Discomfort (2) – NRC

I wrote to Norwegian Refugee Council Column about my daughter Lea van Rosmalen’s (4-year-old) reaction to a young waitress at a white-on-the-water restaurant in Efteling. I received a fairly large number of responses. Even young people. Purpose: They always knew they were seen, and it’s good that someone saw it once, and that they were never anonymous. Bolstered by this knowledge, I read this column during a show at the Klein Comedy Theater in Amsterdam.

He got a good picture.

I felt good about it.

Then, still ecstatic from all impressions, I walked out of the dressing room. It was a scene from a movie: I walk down the empty hall, routinely tossing open swinging doors loosely and routinely, and looking into a crowded foyer where friends and acquaintances stand with glasses of drinks. Between me and the social network stood a woman about a meter high.

Another downside to being small: Others think they’re all the same. As if a man is only his height. I looked up, and as I lay down, our eyes met at the height of my stomach.

I thought: Here it is, this waitress from Efteling that I just read a piece about.

I asked him, “Do you like it?”

I didn’t understand her answer.

I asked again: “Do you like it?”

Followed by: “It’s you, that waitress from the Efteling.”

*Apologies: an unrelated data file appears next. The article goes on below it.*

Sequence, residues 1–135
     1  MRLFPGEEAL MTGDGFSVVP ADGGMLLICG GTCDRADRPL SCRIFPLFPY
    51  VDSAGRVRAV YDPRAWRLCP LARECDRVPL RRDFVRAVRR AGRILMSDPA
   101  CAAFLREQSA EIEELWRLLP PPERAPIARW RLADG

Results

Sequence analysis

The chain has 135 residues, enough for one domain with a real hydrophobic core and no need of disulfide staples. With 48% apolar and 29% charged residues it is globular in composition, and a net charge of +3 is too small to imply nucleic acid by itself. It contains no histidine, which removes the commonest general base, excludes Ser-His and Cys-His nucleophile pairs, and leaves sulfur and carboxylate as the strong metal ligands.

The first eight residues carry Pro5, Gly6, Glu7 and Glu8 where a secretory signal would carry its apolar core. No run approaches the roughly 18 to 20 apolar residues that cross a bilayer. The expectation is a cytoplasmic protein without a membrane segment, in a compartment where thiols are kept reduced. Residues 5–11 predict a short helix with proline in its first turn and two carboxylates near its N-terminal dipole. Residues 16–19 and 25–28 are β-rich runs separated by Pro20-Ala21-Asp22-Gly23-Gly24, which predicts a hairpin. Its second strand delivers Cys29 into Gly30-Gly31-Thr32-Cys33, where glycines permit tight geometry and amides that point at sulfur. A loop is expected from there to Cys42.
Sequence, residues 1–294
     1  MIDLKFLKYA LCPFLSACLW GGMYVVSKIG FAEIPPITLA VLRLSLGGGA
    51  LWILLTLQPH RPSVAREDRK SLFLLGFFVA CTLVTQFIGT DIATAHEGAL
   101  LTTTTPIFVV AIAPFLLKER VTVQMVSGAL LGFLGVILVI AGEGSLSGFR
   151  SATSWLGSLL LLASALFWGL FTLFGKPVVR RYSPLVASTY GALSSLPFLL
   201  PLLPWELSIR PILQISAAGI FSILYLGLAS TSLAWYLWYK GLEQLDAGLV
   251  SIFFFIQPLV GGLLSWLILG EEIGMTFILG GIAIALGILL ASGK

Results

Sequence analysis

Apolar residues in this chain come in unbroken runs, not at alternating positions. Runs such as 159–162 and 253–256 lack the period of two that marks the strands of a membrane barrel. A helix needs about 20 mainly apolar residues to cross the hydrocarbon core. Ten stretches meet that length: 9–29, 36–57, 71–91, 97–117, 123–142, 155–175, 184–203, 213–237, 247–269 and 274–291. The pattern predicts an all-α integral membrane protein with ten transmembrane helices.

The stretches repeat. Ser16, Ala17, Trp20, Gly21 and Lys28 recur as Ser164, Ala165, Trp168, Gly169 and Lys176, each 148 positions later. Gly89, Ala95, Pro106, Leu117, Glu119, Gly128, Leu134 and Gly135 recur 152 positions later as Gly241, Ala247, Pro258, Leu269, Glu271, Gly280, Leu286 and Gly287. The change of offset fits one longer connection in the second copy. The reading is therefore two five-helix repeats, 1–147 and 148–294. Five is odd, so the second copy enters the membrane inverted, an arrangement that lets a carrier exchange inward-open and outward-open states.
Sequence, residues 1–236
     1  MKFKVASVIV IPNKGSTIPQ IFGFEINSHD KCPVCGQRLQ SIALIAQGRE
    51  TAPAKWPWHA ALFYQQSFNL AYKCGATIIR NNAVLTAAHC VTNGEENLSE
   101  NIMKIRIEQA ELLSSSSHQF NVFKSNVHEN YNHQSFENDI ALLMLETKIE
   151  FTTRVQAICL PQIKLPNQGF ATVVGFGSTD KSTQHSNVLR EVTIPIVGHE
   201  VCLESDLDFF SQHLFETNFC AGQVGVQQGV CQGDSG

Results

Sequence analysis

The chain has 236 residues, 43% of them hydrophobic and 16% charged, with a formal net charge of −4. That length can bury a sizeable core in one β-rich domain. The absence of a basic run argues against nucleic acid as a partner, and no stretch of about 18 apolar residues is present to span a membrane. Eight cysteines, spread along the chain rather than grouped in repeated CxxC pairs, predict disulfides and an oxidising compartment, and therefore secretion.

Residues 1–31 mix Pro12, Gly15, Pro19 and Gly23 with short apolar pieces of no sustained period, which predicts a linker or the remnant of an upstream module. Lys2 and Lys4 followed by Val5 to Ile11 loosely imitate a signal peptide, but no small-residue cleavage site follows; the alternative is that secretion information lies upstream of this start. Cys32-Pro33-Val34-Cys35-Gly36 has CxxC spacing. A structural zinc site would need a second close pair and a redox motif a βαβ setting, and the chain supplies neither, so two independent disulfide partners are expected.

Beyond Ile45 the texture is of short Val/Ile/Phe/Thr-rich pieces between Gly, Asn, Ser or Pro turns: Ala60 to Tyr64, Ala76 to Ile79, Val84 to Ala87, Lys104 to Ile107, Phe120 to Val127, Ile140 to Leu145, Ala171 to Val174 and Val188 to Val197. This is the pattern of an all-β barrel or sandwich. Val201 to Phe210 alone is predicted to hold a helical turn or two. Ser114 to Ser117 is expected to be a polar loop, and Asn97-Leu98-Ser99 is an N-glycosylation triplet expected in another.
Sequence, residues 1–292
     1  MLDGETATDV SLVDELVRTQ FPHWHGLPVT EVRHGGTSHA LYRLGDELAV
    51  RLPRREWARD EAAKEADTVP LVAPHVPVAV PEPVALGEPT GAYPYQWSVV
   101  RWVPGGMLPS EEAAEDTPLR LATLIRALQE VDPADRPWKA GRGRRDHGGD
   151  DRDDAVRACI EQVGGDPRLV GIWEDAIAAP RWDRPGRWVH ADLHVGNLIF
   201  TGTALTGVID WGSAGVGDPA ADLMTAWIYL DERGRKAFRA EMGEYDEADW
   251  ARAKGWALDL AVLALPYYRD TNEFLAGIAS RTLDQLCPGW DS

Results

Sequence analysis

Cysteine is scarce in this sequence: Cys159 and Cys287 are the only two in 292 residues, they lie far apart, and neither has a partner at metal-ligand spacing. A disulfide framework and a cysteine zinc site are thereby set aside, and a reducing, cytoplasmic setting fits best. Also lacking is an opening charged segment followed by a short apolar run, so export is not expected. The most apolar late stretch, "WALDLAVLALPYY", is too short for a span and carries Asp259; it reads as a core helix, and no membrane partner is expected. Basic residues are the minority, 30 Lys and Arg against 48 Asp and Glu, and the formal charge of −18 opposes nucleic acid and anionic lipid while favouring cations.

It wasn’t.

Of course, not all youngsters think the same, it suddenly crossed my mind, they don’t all have a sense of humor.

I heard myself ask “Would you like a drink?” I thought I saw ‘No’, but it was busy and people are coming forward.

“Not even a small drink?”

If you want to see an insult in her, you can, but it wasn’t meant to be. She disappeared from view. I was breastfed by an old roommate. I still look between all those legs, but they’re gone.

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As for the look I was still guilty of, but after a couple of drinks it turned into a good story, because unfortunately that’s how I am: every inconvenience turns into a story, and in the evenings with alcohol, only a simple reason is needed to swell a small thing to huge proportions.

Marcel van Rosmalen He writes a column for the exchange with Ellen Dekowitz here.

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